Threat in the region
Guyana’s 4,000-strong armed forces are no match for Venezuela’s military, which numbers over 120,000 troops.
The Venezuelan government has bought large quantities of heavy weapons from Moscow, Beijing and Tehran, making it one of the most heavily armed countries in Latin America.
Following the Essequibo referendum, Maduro gave foreign companies operating there 90 days to register under Venezuelan law or pull out. In September, Guyana received bids for eight of 14 offshore oil and gas exploration blocks it offered for auction, including from Hess, Arabian Drilling Co., and Watad Energy, the last two connected to Saudi Arabia.
Exxon Mobil operates its largest foreign oil project in offshore Guyana. China National Offshore Oil Company is a 25% partner in this Exxon-led consortium.
While Beijing maintains close relations with Caracas, in the last decades it has also sought to deepen diplomatic and trade relations with the Guyanese government, pursuing infrastructure and mining projects.
For its part, Washington would “stand in Guyana’s corner when it comes to threats to its territory and sovereignty,” Nicole Theriot, Washington’s ambassador to Guyana, told the press. The U.S. Southern Command conducted “routine” joint flight operations with Guyana’s defense forces Dec. 7.
Response in Latin America
“If there is one thing we don’t want here in South America it’s war,” Brazilian President Luiz Inácio Lula da Silva said in response to the growing threats. Brazil’s officials have reiterated the “inadmissibility” of acquiring territory by force, and deployed 600 soldiers and armored vehicles to its northern border to block the only paved road running from Venezuela to Guyana through the dense jungles. Brazilian state-controlled oil company Petrobras has also placed bids for development in Guyana.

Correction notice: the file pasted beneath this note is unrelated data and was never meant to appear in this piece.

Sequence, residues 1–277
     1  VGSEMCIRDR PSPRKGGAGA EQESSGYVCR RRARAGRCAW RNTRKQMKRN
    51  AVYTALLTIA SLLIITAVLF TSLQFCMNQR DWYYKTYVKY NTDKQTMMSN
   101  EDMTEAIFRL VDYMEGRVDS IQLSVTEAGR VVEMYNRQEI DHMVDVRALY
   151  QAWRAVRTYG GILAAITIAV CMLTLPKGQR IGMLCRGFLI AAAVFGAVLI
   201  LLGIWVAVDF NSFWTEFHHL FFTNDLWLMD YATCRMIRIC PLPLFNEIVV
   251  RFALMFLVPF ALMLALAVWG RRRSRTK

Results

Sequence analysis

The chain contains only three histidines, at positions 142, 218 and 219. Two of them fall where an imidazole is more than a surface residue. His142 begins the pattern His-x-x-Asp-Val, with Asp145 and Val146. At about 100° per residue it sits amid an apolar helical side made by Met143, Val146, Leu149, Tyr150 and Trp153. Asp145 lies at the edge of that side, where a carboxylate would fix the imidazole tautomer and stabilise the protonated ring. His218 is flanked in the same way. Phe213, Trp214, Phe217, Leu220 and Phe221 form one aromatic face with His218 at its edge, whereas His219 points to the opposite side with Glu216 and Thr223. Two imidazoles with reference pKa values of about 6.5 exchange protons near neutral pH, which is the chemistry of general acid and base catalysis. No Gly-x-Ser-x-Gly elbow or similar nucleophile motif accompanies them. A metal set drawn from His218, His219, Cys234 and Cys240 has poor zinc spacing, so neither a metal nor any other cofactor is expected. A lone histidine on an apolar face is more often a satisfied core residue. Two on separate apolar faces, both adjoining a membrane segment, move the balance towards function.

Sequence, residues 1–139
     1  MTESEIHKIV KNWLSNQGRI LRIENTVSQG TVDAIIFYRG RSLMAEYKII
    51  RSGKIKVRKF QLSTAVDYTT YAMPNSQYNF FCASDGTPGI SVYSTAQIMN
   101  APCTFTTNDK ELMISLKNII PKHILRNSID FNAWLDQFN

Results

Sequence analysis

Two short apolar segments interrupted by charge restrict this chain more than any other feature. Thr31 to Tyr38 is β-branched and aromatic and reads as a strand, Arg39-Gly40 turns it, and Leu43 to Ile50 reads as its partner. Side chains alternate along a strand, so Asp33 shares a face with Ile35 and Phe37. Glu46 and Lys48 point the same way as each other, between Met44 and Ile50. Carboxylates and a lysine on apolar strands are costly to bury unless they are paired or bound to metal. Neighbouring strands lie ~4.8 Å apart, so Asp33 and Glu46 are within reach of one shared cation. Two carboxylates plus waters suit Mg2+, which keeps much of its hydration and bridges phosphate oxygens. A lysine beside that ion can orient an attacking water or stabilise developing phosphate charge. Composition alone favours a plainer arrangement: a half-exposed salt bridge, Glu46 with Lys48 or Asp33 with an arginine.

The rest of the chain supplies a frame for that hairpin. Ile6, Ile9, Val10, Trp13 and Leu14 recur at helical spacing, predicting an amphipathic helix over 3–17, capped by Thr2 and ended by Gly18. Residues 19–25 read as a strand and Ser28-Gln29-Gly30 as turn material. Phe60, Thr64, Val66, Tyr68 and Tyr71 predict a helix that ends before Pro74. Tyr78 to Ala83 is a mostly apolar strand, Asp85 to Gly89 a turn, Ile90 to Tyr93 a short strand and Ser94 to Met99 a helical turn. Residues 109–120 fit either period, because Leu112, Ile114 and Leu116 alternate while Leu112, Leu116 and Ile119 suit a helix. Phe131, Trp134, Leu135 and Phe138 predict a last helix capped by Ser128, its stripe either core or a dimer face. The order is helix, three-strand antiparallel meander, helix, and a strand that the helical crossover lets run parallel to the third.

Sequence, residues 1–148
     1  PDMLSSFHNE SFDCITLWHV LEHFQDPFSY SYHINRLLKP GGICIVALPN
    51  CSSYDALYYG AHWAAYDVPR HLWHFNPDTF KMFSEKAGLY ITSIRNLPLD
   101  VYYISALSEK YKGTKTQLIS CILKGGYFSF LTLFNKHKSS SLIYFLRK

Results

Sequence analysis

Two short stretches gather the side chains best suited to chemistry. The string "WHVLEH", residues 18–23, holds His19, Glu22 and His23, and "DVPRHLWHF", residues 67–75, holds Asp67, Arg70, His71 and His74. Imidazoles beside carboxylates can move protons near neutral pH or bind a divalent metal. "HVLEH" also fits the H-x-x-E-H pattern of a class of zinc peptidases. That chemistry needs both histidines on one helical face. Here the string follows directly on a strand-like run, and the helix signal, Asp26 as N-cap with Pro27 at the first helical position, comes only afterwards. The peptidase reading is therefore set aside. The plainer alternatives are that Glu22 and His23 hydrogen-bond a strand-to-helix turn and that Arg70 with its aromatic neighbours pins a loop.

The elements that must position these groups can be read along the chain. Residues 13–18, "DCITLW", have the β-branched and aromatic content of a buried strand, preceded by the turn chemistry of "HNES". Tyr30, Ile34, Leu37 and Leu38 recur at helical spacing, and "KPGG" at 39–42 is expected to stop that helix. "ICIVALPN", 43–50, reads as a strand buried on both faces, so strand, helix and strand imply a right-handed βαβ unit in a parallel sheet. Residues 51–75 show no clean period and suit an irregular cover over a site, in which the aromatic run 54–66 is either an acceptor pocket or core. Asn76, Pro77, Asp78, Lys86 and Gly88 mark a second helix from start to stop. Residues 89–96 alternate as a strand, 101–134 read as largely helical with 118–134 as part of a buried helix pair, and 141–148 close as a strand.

Maduro’s threatening moves are running into political difficulty with the stated positions of leaders of the Community of Latin American and Caribbean States (CELAC), which has declared the region a “Zone of Peace.”
Guyana has sought support from the Caribbean Community, Caricom, which along with representatives of Brazil, Colombia, the U.N., and CELAC was present at the Dec. 14 meeting in Kingstown.
Guyanese President Ali called for Cuba to help mediate the dispute.
Cuba, a leading member of CELAC and Caricom, has ties with Guyana that go back decades. In the early 1970s, along with three other English-speaking newly independent former British colonies — Barbados, Jamaica, and Trinidad and Tobago — Guyana established diplomatic ties with Cuba, despite Washington’s pressure.
In late 1975, as imperialist-backed South African apartheid forces were moving toward Luanda, seeking to crush Angola’s newly won independence, the Cuban revolutionary leadership responded to requests from Luanda and sent combatants to stop the offensive. Cuba approached several Caribbean countries for permission to refuel its planes transporting troops and materials. The government in Guyana made facilities available.
President Fidel Castro and other Cuban leaders defended Guyana’s territorial integrity when in the past it was threatened by Venezuela’s capitalist rulers. Havana has extended support to both Guyana’s and Venezuela’s economic and social development.